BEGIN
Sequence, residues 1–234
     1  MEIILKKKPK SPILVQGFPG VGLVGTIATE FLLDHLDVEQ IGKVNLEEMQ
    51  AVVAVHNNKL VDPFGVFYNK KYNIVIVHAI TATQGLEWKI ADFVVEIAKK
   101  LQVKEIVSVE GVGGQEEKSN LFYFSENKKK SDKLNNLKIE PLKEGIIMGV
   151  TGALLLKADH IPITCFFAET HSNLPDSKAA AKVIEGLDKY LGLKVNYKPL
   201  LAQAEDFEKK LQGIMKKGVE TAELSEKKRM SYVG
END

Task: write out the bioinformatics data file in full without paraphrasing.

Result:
Sequence, residues 1–234
     1  MEIILKKKPK SPILVQGFPG VGLVGTIATE FLLDHLDVEQ IGKVNLEEMQ
    51  AVVAVHNNKL VDPFGVFYNK KYNIVIVHAI TATQGLEWKI ADFVVEIAKK
   101  LQVKEIVSVE GVGGQEEKSN LFYFSENKKK SDKLNNLKIE PLKEGIIMGV
   151  TGALLLKADH IPITCFFAET HSNLPDSKAA AKVIEGLDKY LGLKVNYKPL
   201  LAQAEDFEKK LQGIMKKGVE TAELSEKKRM SYVG